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    COVID-19 lockdown: Understanding the legal framework to ensure you stay home

    COVID-19 lockdown: Understanding the legal framework to ensure you stay home

    COVID-19 lockdown: Understanding the legal framework to ensure you stay home
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    By Mohit Bakshi   | Hormuz Mehta   IST (Published)


    Authorities have invoked various provisions available under the law for restricting movement and protecting citizens amid the ongoing coronavirus lockdown.

    Battling the COVID-19 virus, India is now into an extended nationwide lockdown with the government’s attempt channeled to limit the spread of the virus through ‘social distancing’ and restriction on the unnecessary movement of the people. To that end, various provisions available under the law for restricting movement and protecting citizens have been invoked.
    Section 144, Criminal Procedure Code, 1973
    Section 144 confers powers upon District Magistrates/Sub-divisional Magistrates or other Executive Magistrate empowered by the State Governments to pass orders in urgent cases of nuisance or apprehended danger, directing any person to abstain from a certain act with a view to maintain public tranquillity. Action under Section 144 is anticipatory in nature and restrictions are imposed generally in cases of emergency.
    The power conferred under Section 144 is extraordinary as it enables suspension of lawful rights including freedom of movement. Orders/restrictions under Section 144 must be such which are likely to prevent a danger to human life, health or safety. Ordinarily, these orders remain in force for two months; however, state governments can extend their validity up to six months and can also withdraw them if the situation becomes normal.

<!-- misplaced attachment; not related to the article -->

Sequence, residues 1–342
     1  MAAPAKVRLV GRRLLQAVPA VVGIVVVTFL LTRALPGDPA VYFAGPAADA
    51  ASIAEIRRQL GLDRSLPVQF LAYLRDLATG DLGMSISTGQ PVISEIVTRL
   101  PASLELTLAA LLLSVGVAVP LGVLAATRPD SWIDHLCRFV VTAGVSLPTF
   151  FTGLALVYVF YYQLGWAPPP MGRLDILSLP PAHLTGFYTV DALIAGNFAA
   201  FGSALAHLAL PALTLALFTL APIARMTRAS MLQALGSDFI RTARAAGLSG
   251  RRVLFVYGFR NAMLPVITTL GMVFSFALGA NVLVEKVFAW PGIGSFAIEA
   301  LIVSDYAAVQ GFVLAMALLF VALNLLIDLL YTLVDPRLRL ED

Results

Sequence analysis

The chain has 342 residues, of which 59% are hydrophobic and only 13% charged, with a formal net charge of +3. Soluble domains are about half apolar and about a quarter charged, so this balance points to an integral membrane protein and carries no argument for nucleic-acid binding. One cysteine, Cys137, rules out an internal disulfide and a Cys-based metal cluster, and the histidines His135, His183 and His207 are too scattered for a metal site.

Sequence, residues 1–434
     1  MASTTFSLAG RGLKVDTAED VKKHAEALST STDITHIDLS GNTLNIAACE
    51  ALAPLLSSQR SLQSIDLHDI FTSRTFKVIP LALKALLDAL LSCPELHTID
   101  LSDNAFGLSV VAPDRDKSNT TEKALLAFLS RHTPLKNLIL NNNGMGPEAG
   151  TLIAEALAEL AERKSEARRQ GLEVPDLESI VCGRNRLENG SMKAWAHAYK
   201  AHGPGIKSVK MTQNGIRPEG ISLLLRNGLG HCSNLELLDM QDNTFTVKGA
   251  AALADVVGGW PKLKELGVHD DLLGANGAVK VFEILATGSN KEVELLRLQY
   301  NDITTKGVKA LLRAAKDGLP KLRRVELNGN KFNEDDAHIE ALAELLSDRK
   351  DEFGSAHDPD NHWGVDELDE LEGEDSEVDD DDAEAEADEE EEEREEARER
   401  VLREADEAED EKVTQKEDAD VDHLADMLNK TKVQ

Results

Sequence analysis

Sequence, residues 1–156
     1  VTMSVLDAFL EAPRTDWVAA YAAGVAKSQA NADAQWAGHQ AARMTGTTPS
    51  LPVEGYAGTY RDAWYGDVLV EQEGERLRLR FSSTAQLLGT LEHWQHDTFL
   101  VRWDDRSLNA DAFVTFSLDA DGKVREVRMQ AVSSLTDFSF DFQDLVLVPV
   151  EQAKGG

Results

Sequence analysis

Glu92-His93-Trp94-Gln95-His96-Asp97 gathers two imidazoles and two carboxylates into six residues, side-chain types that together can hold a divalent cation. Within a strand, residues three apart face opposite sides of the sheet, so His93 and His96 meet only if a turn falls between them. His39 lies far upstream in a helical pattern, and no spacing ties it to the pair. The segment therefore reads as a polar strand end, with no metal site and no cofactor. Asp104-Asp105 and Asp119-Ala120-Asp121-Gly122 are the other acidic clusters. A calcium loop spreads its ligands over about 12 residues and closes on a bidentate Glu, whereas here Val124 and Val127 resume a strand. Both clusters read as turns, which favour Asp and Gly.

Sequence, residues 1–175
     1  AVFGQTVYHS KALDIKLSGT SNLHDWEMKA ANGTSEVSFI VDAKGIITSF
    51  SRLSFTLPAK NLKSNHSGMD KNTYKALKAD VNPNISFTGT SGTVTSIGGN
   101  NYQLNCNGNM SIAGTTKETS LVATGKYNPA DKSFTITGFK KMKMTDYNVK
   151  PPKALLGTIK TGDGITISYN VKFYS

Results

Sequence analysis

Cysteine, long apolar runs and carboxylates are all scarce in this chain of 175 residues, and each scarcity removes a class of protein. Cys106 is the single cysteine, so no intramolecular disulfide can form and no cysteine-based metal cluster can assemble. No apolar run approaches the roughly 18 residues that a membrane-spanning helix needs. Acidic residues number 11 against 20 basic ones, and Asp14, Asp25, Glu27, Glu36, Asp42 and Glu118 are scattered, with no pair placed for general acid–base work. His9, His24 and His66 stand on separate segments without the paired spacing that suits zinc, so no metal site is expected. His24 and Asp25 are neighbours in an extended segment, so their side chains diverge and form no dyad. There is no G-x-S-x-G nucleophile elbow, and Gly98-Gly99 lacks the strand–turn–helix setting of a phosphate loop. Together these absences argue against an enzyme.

The Magistrate can restrict the application of such orders and provide for exceptions/circumstances under which persons in apparent violation of the order shall not be prosecuted. These include cases involving medical emergencies, the supply of essential commodities, humanitarian grounds etc.
    To counter the current pandemic, orders under Section 144 have been issued, prohibiting the gathering of four people or more in public spaces. Schools, colleges, non-essential private offices etc. have been directed to remain closed for preventing the spread of COVID-19.
    Section 144 generally prohibits public gatherings. A order of curfew directs the public to stay indoors for a specific time. Curfew orders are enhancement of an order passed under Section 144 requiring everyone to stay at home for a fixed duration. Outdoor activities/visits are restricted/prohibited during a curfew.
    The Epidemic Diseases Act, 1987
    This Act was enacted for preventing the spread of epidemic diseases and empowering state government(s) to issue temporary measures/regulations/notifications when ordinary provisions of the law are insufficient for the purpose. Violations of the regulations/notifications amount to an offence under Section 188 of the Indian Penal Code, 1860 (“IPC”).